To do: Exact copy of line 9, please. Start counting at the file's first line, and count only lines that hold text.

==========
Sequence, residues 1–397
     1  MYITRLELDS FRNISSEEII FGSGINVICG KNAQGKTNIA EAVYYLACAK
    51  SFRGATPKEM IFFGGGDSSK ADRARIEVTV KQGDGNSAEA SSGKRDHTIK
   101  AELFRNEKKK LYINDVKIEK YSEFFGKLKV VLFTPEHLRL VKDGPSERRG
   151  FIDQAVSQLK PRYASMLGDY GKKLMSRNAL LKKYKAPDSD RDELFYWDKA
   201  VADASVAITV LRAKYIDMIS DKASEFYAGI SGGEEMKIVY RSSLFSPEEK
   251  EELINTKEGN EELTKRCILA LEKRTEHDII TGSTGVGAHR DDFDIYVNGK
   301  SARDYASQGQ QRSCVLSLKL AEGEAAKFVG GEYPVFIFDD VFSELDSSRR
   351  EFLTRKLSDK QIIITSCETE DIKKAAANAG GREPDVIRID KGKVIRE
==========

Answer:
   351  EFLTRKLSDK QIIITSCETE DIKKAAANAG GREPDVIRID KGKVIRE